The Courier News from Blytheville, Arkansas on January 30, 1937 · Page 6
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The Courier News from Blytheville, Arkansas · Page 6

Blytheville, Arkansas
Issue Date:
Saturday, January 30, 1937
Page 6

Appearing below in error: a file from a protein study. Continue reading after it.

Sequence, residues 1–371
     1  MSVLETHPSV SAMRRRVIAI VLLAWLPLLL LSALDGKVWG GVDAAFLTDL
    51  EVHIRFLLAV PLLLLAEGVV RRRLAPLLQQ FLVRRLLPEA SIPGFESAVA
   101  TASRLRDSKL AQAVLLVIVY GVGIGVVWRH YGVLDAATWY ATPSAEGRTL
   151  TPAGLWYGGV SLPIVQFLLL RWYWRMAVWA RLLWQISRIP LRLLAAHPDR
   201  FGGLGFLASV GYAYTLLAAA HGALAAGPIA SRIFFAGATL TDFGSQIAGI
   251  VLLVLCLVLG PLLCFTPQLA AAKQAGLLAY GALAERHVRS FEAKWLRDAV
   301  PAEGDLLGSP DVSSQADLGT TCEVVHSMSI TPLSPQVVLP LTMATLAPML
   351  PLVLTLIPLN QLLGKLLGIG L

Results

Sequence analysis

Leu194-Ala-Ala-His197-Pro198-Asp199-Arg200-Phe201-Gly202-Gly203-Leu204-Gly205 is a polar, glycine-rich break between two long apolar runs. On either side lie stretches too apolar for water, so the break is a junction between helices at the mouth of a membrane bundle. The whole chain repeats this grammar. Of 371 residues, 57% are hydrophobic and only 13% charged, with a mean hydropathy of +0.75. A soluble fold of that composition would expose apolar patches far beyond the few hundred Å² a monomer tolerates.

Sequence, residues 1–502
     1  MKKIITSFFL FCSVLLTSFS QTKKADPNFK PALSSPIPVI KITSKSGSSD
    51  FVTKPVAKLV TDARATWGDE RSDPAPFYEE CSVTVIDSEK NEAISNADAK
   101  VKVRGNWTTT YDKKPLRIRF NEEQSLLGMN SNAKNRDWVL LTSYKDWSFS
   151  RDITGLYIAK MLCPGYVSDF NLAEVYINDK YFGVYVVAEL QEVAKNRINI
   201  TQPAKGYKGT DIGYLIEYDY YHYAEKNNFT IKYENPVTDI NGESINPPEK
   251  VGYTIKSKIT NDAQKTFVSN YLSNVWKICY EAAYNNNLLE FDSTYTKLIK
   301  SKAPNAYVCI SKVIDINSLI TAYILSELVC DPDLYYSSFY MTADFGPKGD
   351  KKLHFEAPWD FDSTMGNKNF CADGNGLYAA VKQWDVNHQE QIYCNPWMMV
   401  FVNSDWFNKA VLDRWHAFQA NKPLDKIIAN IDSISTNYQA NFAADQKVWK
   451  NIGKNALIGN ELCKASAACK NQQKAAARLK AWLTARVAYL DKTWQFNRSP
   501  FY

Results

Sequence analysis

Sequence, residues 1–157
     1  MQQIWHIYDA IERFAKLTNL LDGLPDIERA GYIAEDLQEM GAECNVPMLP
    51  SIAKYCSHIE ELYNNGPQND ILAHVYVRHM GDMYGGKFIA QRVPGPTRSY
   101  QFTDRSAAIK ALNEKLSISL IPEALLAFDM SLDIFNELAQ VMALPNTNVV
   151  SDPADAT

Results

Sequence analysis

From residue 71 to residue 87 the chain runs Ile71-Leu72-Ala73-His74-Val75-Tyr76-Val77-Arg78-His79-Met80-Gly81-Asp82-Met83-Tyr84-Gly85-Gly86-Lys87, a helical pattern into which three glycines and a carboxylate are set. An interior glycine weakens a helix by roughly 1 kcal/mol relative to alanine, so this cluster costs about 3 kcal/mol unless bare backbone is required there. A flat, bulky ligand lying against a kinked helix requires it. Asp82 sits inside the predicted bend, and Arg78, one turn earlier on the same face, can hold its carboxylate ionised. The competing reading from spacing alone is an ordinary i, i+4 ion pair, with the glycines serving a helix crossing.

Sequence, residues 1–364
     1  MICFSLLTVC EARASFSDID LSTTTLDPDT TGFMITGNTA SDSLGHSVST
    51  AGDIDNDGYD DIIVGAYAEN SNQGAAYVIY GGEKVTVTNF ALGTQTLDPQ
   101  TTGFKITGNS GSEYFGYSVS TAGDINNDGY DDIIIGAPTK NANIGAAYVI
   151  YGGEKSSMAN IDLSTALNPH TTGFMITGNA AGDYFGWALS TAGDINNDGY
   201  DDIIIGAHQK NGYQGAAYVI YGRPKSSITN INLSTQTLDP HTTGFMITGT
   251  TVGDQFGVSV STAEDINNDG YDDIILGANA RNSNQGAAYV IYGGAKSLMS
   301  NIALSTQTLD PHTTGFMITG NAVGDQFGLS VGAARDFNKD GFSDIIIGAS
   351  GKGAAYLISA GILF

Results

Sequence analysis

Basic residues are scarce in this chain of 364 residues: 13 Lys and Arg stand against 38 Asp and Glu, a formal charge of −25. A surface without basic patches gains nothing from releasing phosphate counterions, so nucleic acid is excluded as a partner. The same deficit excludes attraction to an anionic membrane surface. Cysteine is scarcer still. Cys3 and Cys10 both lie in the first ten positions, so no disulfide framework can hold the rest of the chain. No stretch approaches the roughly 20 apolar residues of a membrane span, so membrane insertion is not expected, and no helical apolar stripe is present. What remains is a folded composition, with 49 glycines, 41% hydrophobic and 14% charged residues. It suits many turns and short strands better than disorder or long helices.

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>AGB SIX BLYTHEVJI4.E, (ARK.)'. COURIER; of the pist tind Hioken Bals of No. 1 Item In His Vast Collection • , RV (UFNN A. llnltfd . Press Slnff Oorrcspoiulfiil ROCHESTER, N. Y. (UPt James "Hip" Collins, Gushoiise . alumnus Chicago Cubs' flist-base '. jrjan, -journalist, after-dlnnei speaker, and radio cbnunenUUoi, also can be ]Isle<l os America's Nc. 1 '.collector. .of baseball brlc-a-brac. • Tile .former St.; Louis Cardinal, vlio hop"; tc lake over the key- •s(oi:e sack tit Wrlgley Field tills .summer, has :n large .assortment «! collections. ranging from tots liiokcn by rvciy slai In the game to Jal Hal racqueh used by champions of Dm cub.ii) national jm- tlrne. A baseball fan could send an Interesting week In llic J big basement and ntllc of the spacious Collins home here .without over •picking .np the same article twice. And If the fan weie lucky enough to be accompanied by the illustrious collector himself, he would discover every one of .some 10.000 ai tides has Us own Inleieillng history. Has 500 Broken Bats Among [he •iOO Kerns in this collection are bats hioken by Hull) Homsby, Sislei, Johnbon c.eii and othei picsent Collins' mast prl?ed bat, how- nci. Is not broken. Dining the 1334 season, when the great Je- lome Herman Dean was setting n scotching pace foi big league liuil- ci-s, one of Dlz?y'<i Mexican fans presented him with an oinnineiitnl miniature bat, hand-carved and bearing tlic Inscription- "A B Marcus International Show man" The collectoi In Rip Collins ej'od Dim's tiophy longingly for almost (wo •seasons, then one day when the Dean back was tinned— ' "I swiped," Rip gilnnineiy confessed "And ole Dlz doesn't know 'loday who got his minlatuie bat" Surprise Awaits, "Dlzij" But even if Di«y should lead tills down In Florid-), about all he can do now Is face noith and Irtnl a few epithets Collins 1 way. For the Ripper, with customary (jas- house .fortitude, has had inscribed . i" gilt letteis on the multi-hucd little bat; ' To Jamrs nip Collins — from Dizzy." Collins keeps his big bat collection In the basement And he complains hair-heartedly, (hat the coalman, the milkman, the grocery boy and even the nclEliboiliood kids Mep this collection , from mounting, e <\ ,y -"When I'm not around'they just go in and lielp themselves to a Ruth or a Hornsby club'"i Rin explained •' Few are the visitors, however who have access to the Collins at;_ tic, which Is jammed to the rafters with collection's of photographs, chests of autographed balls, old gloves, shoes, pennants magazines and bundles of newspaper clippings Owns 3,000 Autograph, The collectoi estimates he has J.tOO autographed pictures, including those of celebrities from every field of sport nnd ctery pio- fesslon. Pictures of baseball plav- . ers are grouped tn teams and neatly framed, while Individual Football Coach With Punch pictures are strung In long lines across the celling His collection of_ autographed miniature bats, numbering several Hundred, also Is airanged bi team groups, and tacked in frames from which fences are built. Among Rip's collection of old gloies Is one he puzes as a good- iick charm During the thick of the 1934 National League pennant chase, which the Cards won, wild Bill Hallahan lost his glove Rip dug up this one, a bedrag 6 led four-finger model, and lent it to Glove Not For Sale Hallahan won every game he pitched while using Rip's glo\e Lalei Bill tried vainly to purchase the museum piece, Its owner related After browsing through Collins attic and basement, a visitor won ders how a single man could galh er so many interesting Items ' One man couldn't," Rip admits "Darn near every guy in the Came knows it's my bobby. \Vhei they see anything that looks gooc they pass It along." Fair Association Re h t s Atli'ctic Fift'.-l. r,> 3 iul' slan'l lo Terry's' Firm Tin* Mlsi|.sslt)>i! Ciitritv Pair Association has entered Into n 'contract with Ihe nlythsvlllp nasohall Company.'inc.. by-whleh the at!). Idle dJld and grandstand at the rnli-nroii'Kh 'Is rafted to the baseball club for ths approachlnj se;i- fion. ' Ti'e fair nssochtlon v/lll reali/c ft net rental.'of SRHO for MIS?'of the nelil ami Ki'iintlslan-l clurln°, the regular Northeast Arkansas.feague lilnvln^ season an-1 for siieii posts r .'n;;on games as may be MaJ. Hob Neyland,-right, football coacli of (ho University of Tcn- icssee, has Just.let a right hum! punch eo In sparring with Joe Little, his center ami.a heavyweight rinysler, In addition to being a sine end.nnd pitcher at West, Point in lfM4-15-ll>. Cadet Neyland was heavyweight boxing champion although he scaled, only 175 pounds. The major can't resist assisting Coach liree/y wyiin Ivnln Volunteer glovcmcn. Spotlight golf, nir English invention for reproducing nearly every feature of the outdoor game indoors, was Introduced in New York by a match In which Long Ji m Barnes, right, mi National Open and 1025 British Open champion, defeated Jerome Travers left four times American nnwtcnr champion nnd 1915 Open'/title- wllh a ball tied to a string Sensitive electrical meclran- falthfully reproducing on a holder, 3 and 1. The game Is played connected with a recording machine, ism registers' distance and direction, little map Inside of the cabluel [lie effect of the shot On The Outside-Looking In By "DUKF." Ben Epstein, sports editor ot the Arkansas Gazette, opens his column, "Gazette Sports daring", today with a few words about and from Henfy Hudson, former lilylhe- vllle Chlckasaw mentor. Epstein writes: "Hudson Picks Craig "Henry Hudson, 01)2 of John Tucker's "T" men at Arkansas ! Louis Wins By Decision Over Pastor No WrestHng Show At Legion Hut Monday Night Tliere will be no wrestling show fll the Legion arena next Monday — — -•• -^^...^ .^ « C i night, Clarence Holder, promoter sports teacher. But thai Isn't I6r the I,fPinn nnnnnriAAu^ 11.1.. ft ft ] v n-lifl t t^n f,rn ifin^ i^ «_. NEW YORK. Jan 30—Dob Pastor, New* York's col'i glate boxer sprang a surprise last night by go ing (en rounds with Joe Louis, the Brown Bomber from Detroit, with out being knocked oil his feet. Pastor was the !os?r. Louis get tiug the unanimous decision of the two iudees and Referee ...vny. J 1 IML-ll HI. MIMIIIS^S * " " JU^tS """ ItCICICC 4\ r [ IIUI Tech. dropped In for a howdy yes-1 Donovan. But Louis failed to show lerdnv Unrtsnn nciTeictc n-,,~i.~L :,. anything resembling his customary . - lerday. Hudson asHslsts Tucker in football and track and shoulders all the basket ball responsibilities. We already had heard that Henry Is doing excellent work nt vllle as an academic as , for Ihe morning , Legion, announced this , actly .Last Monday's show was Called off because of flood condillons and the same reason was advanced for next Monday. It Is planned to re- iume the shows Monday, Feb 8 Family of- Marksmen SYDNEY, N. S W (UP)-Walter p.-siper carried on a tradition set by his grandfather ^hen he *on the King's Prize at a Sidney rifle meeting. He was a member of the Ihlrd generation of Ihe family to *!n ai royal prize, Fifty jears ago his grandfather won the Queen's Prize, at Btsley. in 1898 his father won a Queen's Prize In Australia . we arc tring lo convey, an opponent who ic , "It Is ancient history to Missis- i Eippl county but news to the wieU- er or these words, that Hudson once coached football at Blytheville hl»'i school. We, also learned that for the Chicks to win a gang of ganiM per season is old slufl. Henry held sway there from 1928 through '.10 and the Blytheville eleven lost on'lv three games during that .time. ' "Hudson said .the greatest hi-'li school player he ever siw happened along while he was on the lob ai Blytheville. He was Pete Oral,, who won all-Amcrlcah prep school honors and later sltarred for Tcnnw- see. Even ; so, that's a' strong statement coming from Hudson W lio th punch against „„„.... beat a swift rctrcal most of U almost every turn. Louis had a big weight advat lage. 24 1-3 pounds, but he «.••• slow, wild , and bleeding from nose at Ihe finish. The nghfdrew plenty of jeer, from the .fans who wanted to more action. lias seen 'cm corns and go for a lon;t time. It might create argument." by the Isaijui;. use of th» field from the training period preliminary to the regular season, oiwti- 1111; |>roi':>bly In ADI-U. and for prattle- se-sslons ili:rln« ' the mason. Is Is'i Included In UK lease. The baa-ball club aho .actni'lrr:! 10 exclusive \-\t*il to -mcrate co'i- jsskms at thp. grandstand /hiring IHIRK p'nyed there un:ler terms ol 1^ leas 0 . - r Tho I!lylhevlllc ; Baseball Coin•iii". Inc.. which replaces P'ed s. nllliii as the lessee. Is headed by William H. Terry, manner of the New York Glints, as nrrsfde'il Herman D'ubcrry. chief'of the'OI- • -•- "• farm system, a? ".--iiivsldciH. and treasurer, and Sallba as secretary, val picliili'i i lo be manager of the local c-Hib The No'.' York rlub, through ils rlficsis. will own all bul. two .shares of stock In the corporation operat- In" the local club. Tlie contract, entered into by the fulr association ai« the baseball club Is .siiblcct to abpnyal of th-city council. However, the council nutliorlzcd the mayor and city clerk lo nirorove the first lease uroposed from the association to Saliba, initl iporoval of the substitution of' the lopflnll club as .lessee Is antici- [jalett. . TTari-y Gi-ayson"" A boat could be rowed over the left and ccnterflcld fences of Cro.s- ' . Field, home of the Cincinnati Reds, which gives you a rou»h idea of tlie immensity of the devastating flood that has been sweepim* 'the Oljlo Valley, water covered all b'iit six rows of Uic lower deck of the grandstand. The depth at home pln'c was estimated at. 20 feet.'i- Whon (he wnter recedes, a coil- Ing of munY slliii'e.; and debris will renrain on the lie-id; bul : Ground- keeper Mattv Schwab ils 'confident that this'will not (prevent a' crew' of workmen from retaining the smooth ploying surface that old Redlaml Field always hn s bail. --. The stadium's damage, in the* naln. is of such nature that it can' be repaifc:! easily 'and 'without i? tco much time, but the concessions face a different, situation Their liij-hly delicate implements and utensils, also their pancr goods, vere stored on the second floor of T n«swly constnicted commissary, vhich was thoroughlv Inundated Crojlcy Field, in Ihe path of th» valer. htis been attacked bv flood Before, but, of course, never by one 'f such proportions. Only last [wins;, shortly before the start of '•! TOinonlitn. the Held and most ir the box seals were covered, yet Schwab was able to work the lay- oi'tjnto shape for the curliin- Thaf is whv Ihn c'nb hoHs no fe:u- now that everything will not n .'lilpshnne for Ihe.oi.ienin9 of the National League season, April M. Urove C'nnirols tlurve Control of his curve brouilit back Robert Moses Grove niul wiiii the , Boston Red Rov enabled the 3G-vear-old I.onaconine Lefty to turn In the. lowest earned -im average in the American league for the second consecutive vear. when a pitcher cannot o cl us curve ball over, the batter just lies back, walls for the fast ball nnd powders it. "Grove nlways had a curve, bul his trouble wn s that he lack-d "xtf control when he used It •• s% " vs Manager Joe Cronin. "Batters t or - '"crly felt certain that in a |rin»h' Grove always wou'd c «me tlirough »i"~ with Ms fast ball. "Now. when he is behind a hit- er even to the extent of one ball »" may either bust the fas! on» i Ihere or use a curve. He'll . c use n curve when a hitter Is ahe of ""'« two balls and no tj ! f 'i l 'i° w h ? s abso '"lo confi- - XCONTJNUEn FROM PAGR FOUR) ' iK ' J ' !.'JANUARY 80, uu i fin\i^> jt»i^i yjju., . i . guests, with the exception •* of Lady Welter and the Bishop of Bude, who breakfasted In their respective cabins, assembled for breakfast in the dining snloon between 8:60 and 9:25, As'each'of them left their cabins'these were locked afler them and the keys brought to me. ' •'...'.' • They had finished breakfast by 9:50, so 1 took over a small v/rit-' ing room and proceeded to the examination of all parlies, first calling Mr. Rocksavage. ."'•*•*£ ••••'.' DETECTIVE OFFICER NEAME'S , .SHORTHAND NOTES OF DETECTIVE\OFFICER KETTERING'S EXAMINATION OF MR. CARLTON nOCKSAVAGE. '., J^. Come in Mr. Hoeksavase, • come in. I'am sorry to upset your trip like this, but there are just one or two little things I have got to ask, so that we can clear this matter up. I hope it didn't give you a bad night? , , ...• R.: No, thank you. I slept per^ fcctly well. Naturally I was a bit upset at anything like this happening on my yacht and it was a shock for my guests, too, but it wasn't as if Bolitho Blane was'a personal friend of mine. As I had never met the man any dislress I have been feeling is more general than particular. . .. .;.'... K.: Mr. Bolitho Blane was nol a friend of yours, so you say. R.: Well, it's true I'd never met him, but we corresponded a lot d, w* rhappen to be in the same e of business, so I figured this was a ^ood opportunity to make his acquaintance. • K.: Business, Now we're getting somewhere I think. Just what was the business you proposed to transact with Blane on this trip? . R.: It was a pleasure parly I tell you. ' K.: Now, Mr. Rocksavage, that won't do. I had a talk with Mr.' Stodort last night and he seems to have known quite a bit about Blane'* affairs, so I think you'd best be open with me. ' R.: I see. Stodart let out the fact that Blane and I meant to do a deal if It were possible, did he? Well, 'that's true. •K.: That's better now. Why didn't you let me in on that the first time? : •'•R.: Well, this is a quile unforeseen and Very unfortunate affair. I »m sure you will understand that the last thing I want is any undue publicity. Kit jSure,'sure. B.: As you may know, I'm president of Rocksavage Consolidated, »nd the man behind its associated companies, which i between them control the biggest share of the soap output in the world. • * * TT is common knowledge, too, . ,.that Bolilho Blane was the big man of the British group, who are our principal competitors. A price war,-ruinous to both parlies, has been going on for years and I .If anyone had : come to know what was in the air the shares o£ thinks a lot of him ,K.: And the Jap' both groups;wo¥d'have°gon"u P ' Jfhl ***i h ^' s b ""«><*s. too I've like a skyrocket, and neither ",,h T ^ m - bpfore y«terda>, Blane nor I wanted that. It would V " g w h T fc ° r « s P?nd«l- have meant sin-h a' f«-rihi« .in"'° t" What part does he play? Jltchcr In the American League' vho has better control.". , 3 * - 'irafrs Eye Sluhfo .Pittsburgii headquarters are in- erestcd in 'the news' about Van; lngle Mungo. the Brooklyn Dodg- rs' smokcball right-liander.Mun- o. It is reported, has been sent a document calling for ^$13,000.; but dvise.s all nnd sundry Hint he will iot <tip his pen into the ink until he figures have bsen 'raised to 20,000. • The Pirate management will vntcli developments. Tlie Ow- nirs still are willing to talk trade or Mungo. With their start al- eady rounded out by Ihe acquisi- ion of Southpaw Ed Brandt from he Flatbusb entry, the Bubs could •w expected to go places with a illclier of Mungo's caliber. • Big things are expected at •orbcs Field, regardless, and not he least reason is that it is sus- icclcd that First Baseman Gusste ">uhr finally has come into his >wn at the plate. Suhr spent six ampalgns in a Pittsburgh uniform wfore crashing the circle of .300 litters. He pounded the pellet for have meant such a terrible slump afterwards if we'd failed to make a deal. You'll see, then, it was essential wo should meet, some platfe where nobody would get lo know about it.' ;i'I 'suggested my yacht, and Blane'agreed. K.: Thanlts, Mr.;' Jtocksavage. That's fine. I-'can .quite...understand your not' wishing^ your;"in- lended. conference with Mr. .Blane lo'get about, owing to its effect on Ihe market, ISIow,. tell me about these other giiests of -yours. Was it in any sense a pleasure trip, or were alj of-them concerned in this business with you and Blano? R.: One'or'two were here oh account'of business/. ,K.: Which were they? : '• ; R.: Lady .'.Welter. -You' 11 have leard of her. She runs a group of papers "in Great Britain and they :ost her a lidy packet, I believe, but .that's her business. She' has an-outside income and so she can afford jt. A lot of her money is lied lip in my companies. In fact, she is my .biggest individual shareholder and I value her opinion, so that's why I asked her to join us for this trip. '•'•', ' K,:, Anyone else? ' R,: Well,r I- suppose you'd in- former Coast Leaguer would be a. great first baseman and hitter, stoutly rebutting any suggestion that he wasn't worth, what the Pittsburgh club pnld for him.: East Oklahoma Rich In Prehistoric Sites, • SPIRO, Okla. tUP)—Profession- al :archeologfsts have' concluded that eastern Oklahoma contains some, of the most important prehistoric sites north of Mexico. Dr. Forrest E. Clements, head of he department of anthropology at the University of Oklahoma, vorirmn, said the culture'repre- sented by the former "mound dweller" of this avea sno ws a closer relation with the Maya and Aztec civilizations of Mexico and Central America than any other so far discovered in : the • United homa with funds fiirnfahed bv the WPA. .....•; '.-' J . '• . . Although the mound builders were agriculturists,'they' are more widely known for iheir pottery nnd sculpturing. Slates. an average of .312.last term. This ' Originally there were -nine nounds In.Ihe site, the largest of which was 39 feet high. They were conical in shape and more han loo feet across the ^-onse mounds now are being cxca MONTREAL (UP)—Georee Pratt once a noted runner, walked five •niles through ice-covered streets here in bare tcct. ... .«, « Lilllfd -1 ir m' „ lltlr dws not 0| lsr "' "• in other years. Grove wis in tie habit of wastin, l,l s c , " r Most batters like lo lilt a fast ball, drove now works on the the oiy that the batter ts not goin, !o Bet the ball he likes to hit Naturally, Grove's srealest w-eai^n still is his fast bill" bin -e difference is that he now hold" this weapon In reserve. He uses H °<"y as a clincher. T'-erc are .son •"'""i Bob U as fast as h, he Is that. to j ~.vj,u.>-, canny baseball tudgmcnt. Dreyfuss wtis still llv- clsco to Ihe Pirates in 1930 Dreyfuss said from the begln- nlng that one of these days the WAN T E D Government Loan Cotton Phone 167. • APPLEBAUM.BROS. COTTON CO. Btrtlj Bltf, B^theylDt, Art. College Trains Men For U. S. Park Service FORT COLLINS, Colo. tUP) — Senior forestry students at Colorado State College are offered n course on National; Park Management, believed the only -one. of its kind in the country. The course is designed particularly for -students desiring employment In America's national parks. '• It deals with history and development of the national park service, administrative rules and regulations, problems and' policies. The students are taught how-to use' 'the Information .obtained in elective courses In meeting -national park problems. Particular emphasL-i is placed on teaching- the students how -to erh- ploy '. their ' knowledge 'of birds, i-— —„ ..^ play? R.: Well, he's a sort of unofficial representative of the Japanese government, and he's been playing ball with me for some time now on the proposition ot our securing a monopoly of the Japanese" market, for our goods. He was playing ball with Blane, too, I don't doubt; anyhoxy, neither of u« had seen our.way to close the deal up to date but I figured'that, if Blane and I could get together, we'd hav.e the, Jap:cold .between" us so we both postponed cliricjiing matters until we'd had' our talk. I asked the Jap along so that, if we settled things satisfactorily", :-wp could tackle him together afterwards, and kill two birds at one sitting. ...-.-..: K.: How aboutthe others? ; ..R,:. They're just : str"a.ighifor-' ward guesU .who know nothing of • the business 1 which Blane and I were proposing to. transact. K.: Thank you Mr. Rocksavage. That makes the situation a whole lot clearer. I am afraid no one must go ashore yet, but I'll be seeing you .when I've had a.'chat with these olher people. • '(To Be Continued} - '-. ..Save this installment as ev!- ; dence (o help you solve the crtaHk trees in national park work. ..Completion of the course and passing civil ..service examinations qualifies students for employment "•= national park rangers. Read Courier News Want Ada' : ~ ...wuiiu:, now are cemg cxca- poy . ter nowege o rs, vatc<M>y the University of . Okla- flowers, geology, wild animals and Tax Assessment Notice i The time for assessing Personal Taxes and Poll Taxes is from now until April 10. If you fail to assess the assessor must assess for you. You know your property better than I, so assess it before the penalty is addetl. R,L .GAINES '^ : Assessor. • Play Billiards! Wholesome Recreation Moderately Priced Blytheville Recreation Center 316 W. Main - Former Home of Bell's Pharmacy GARNER APPLETON MARVIN Strange But True 1 - you plan any kind of building this sprlnir, now Is n ie [I,-, to prepare,. .We will E l au |j. help you secure FHA financing. EAST ARKANSAS BUILDERS SUPPLY CO,